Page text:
Wednesday, January 9, 2013

Gatecrash mechanics and EDH

I don't want to talk about the legends of Gatecrash yet, though that's coming, I swear.

Return to Ravnica's mechanics ranged from not worth it (Scavenge, Unleash) to occasionally relevant (Detain, Populate) to amazing (Overload!) and Gatecrash promises to offer a similar range of usefulness.

The mechanics are here, and the FAQ is coming.

I'll list these from least-used to most-used, at least in my opinion/guess. As of now, only 67 cards are spoiled and I reserve the right to say, "But this card is amazing and should go in any deck of these colors!"

Bloodrush - Gruul (Red/Green)

(Pay a cost, discard this card: target attacking creature gets a bonus until end of turn.)

I wanted to like whatever mechanic showed up for the Gruul Clans, and I do. I'm a big fan of these colors and of decks that feature a lot of creatures. I can't wait to build some deck with 37 creatures and 23 lands in Standard.

That being said, I don't think this is going to do enough in EDH games to make a difference.  I've seen decks with high numbers of pump spells, and they are usually some verion of infect or trample-get there for 21 general damage deck.

If Bloodrush was a spell, and not an ability, then it's possible that some deck with Wild Ricochet and Fork would take advantage, but that's not going to work either.  Alas.  I like the flexibility, but very few EDH games will hinge on Bloodrush--unless we get one that gives Double Strike and Trample, a la Runes of the Deus.

Evolve - Simic (Green/Blue)

(Whenever a creature enters the battlefield under you control, if it has higher power or toughness than this creature, put a +1/+1 counter on this creature.)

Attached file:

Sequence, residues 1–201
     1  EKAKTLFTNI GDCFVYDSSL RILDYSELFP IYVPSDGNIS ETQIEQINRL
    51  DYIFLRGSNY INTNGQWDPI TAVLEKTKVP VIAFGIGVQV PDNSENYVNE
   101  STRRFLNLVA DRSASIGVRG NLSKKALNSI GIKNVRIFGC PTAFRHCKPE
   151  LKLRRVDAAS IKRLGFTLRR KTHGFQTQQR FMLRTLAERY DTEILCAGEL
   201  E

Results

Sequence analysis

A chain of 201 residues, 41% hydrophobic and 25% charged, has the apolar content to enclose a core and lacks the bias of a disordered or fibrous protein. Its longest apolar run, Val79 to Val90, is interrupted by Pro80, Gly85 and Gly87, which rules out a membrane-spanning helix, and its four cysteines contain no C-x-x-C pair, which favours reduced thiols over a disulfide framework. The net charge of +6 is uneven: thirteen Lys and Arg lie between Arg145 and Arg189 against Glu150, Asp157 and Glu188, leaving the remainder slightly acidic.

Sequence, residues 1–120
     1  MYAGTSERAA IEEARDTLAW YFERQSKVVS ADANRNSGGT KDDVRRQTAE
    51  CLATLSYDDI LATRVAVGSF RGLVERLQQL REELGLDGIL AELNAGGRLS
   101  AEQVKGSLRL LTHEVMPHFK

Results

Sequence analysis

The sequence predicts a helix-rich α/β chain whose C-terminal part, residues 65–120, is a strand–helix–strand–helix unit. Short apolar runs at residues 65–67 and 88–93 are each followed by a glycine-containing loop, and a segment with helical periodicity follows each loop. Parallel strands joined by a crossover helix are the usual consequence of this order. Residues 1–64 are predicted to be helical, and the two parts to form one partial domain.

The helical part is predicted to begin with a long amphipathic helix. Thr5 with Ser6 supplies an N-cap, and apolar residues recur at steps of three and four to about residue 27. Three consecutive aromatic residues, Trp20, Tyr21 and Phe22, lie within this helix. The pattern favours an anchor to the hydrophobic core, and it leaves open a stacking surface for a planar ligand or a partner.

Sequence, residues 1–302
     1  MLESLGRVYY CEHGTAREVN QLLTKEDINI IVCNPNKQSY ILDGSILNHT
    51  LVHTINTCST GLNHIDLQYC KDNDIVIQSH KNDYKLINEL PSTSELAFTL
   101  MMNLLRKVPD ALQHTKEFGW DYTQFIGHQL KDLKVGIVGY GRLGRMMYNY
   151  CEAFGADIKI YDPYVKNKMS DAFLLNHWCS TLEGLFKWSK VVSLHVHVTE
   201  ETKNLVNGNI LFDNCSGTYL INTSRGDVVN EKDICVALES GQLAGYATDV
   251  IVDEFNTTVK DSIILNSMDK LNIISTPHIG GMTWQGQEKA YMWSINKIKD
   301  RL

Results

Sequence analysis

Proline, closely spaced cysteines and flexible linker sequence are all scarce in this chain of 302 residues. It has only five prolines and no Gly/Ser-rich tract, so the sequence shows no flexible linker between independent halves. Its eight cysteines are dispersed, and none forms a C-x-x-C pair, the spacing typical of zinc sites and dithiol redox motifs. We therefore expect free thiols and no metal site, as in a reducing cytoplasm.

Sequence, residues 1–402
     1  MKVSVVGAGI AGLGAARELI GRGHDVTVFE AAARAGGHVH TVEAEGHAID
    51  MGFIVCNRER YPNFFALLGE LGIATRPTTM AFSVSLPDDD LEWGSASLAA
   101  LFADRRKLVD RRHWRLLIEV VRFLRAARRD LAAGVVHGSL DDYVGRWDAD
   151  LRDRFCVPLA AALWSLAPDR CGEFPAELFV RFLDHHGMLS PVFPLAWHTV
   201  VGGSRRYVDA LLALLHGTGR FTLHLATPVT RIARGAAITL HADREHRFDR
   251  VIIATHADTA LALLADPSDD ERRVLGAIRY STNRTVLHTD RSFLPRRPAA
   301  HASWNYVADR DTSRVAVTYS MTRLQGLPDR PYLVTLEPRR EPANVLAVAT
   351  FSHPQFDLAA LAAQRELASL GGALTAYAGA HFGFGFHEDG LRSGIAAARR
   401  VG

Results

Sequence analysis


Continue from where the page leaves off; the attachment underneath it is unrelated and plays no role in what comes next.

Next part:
I want, so very very badly, for this to be overpowered and amazing.  I've got two decks, Animar and Kraj, that are going to snap up a lot of Evolve creatures...and then slowly take them out again, I suspect.  The problem is that these creatures are competing with, no kidding, some of the best creatures ever printed for space in your deck, and most of them are not going to live up to that billing.

For an evolve creature to be good, it has to come down early, and then you need to play other, bigger creatures for it to grow.  There's nothing wrong with a creature-heavy deck, but for these to be good, they REQUIRE lots of other creatures to come into play.  Realistically, you're better off just playing a better creature to start with.

Here's the caveat: Simic gets a lot of tricky creatures, and Fathom Mage is an effect I love to have in a creature-heavy deck.  I already play Garruk's Packleader and Primordial Sage in lots of decks, so having a third--that gets bigger!--is always going to be fun.  We'll have to see what other awesome Evolve cards show up.

Battalion - Boros (Red/White)

(Whenever this creature and at least two other creatures attack, get a bonus effect.)

This ability has the potential to be impressive in EDH.  A lot is going to hinge on the quality of the base creature and the bonus granted.  Some of the spoiled cards are absolutely worth it (An angel that throws a Lightning Helix! Clerics who give indestructibility!) and I'll be talking about those in my set review column.